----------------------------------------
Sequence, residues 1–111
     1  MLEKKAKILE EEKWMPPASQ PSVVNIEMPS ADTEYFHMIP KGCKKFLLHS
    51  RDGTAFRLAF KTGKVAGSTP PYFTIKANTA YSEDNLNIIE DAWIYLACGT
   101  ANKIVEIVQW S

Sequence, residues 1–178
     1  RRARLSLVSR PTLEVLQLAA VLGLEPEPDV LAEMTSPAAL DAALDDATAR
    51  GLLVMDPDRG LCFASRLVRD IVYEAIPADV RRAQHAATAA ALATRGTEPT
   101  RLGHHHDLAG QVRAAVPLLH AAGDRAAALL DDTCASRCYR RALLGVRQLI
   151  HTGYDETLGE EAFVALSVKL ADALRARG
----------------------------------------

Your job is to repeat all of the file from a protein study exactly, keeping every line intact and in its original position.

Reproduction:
Sequence, residues 1–111
     1  MLEKKAKILE EEKWMPPASQ PSVVNIEMPS ADTEYFHMIP KGCKKFLLHS
    51  RDGTAFRLAF KTGKVAGSTP PYFTIKANTA YSEDNLNIIE DAWIYLACGT
   101  ANKIVEIVQW S

Sequence, residues 1–178
     1  RRARLSLVSR PTLEVLQLAA VLGLEPEPDV LAEMTSPAAL DAALDDATAR
    51  GLLVMDPDRG LCFASRLVRD IVYEAIPADV RRAQHAATAA ALATRGTEPT
   101  RLGHHHDLAG QVRAAVPLLH AAGDRAAALL DDTCASRCYR RALLGVRQLI
   151  HTGYDETLGE EAFVALSVKL ADALRARG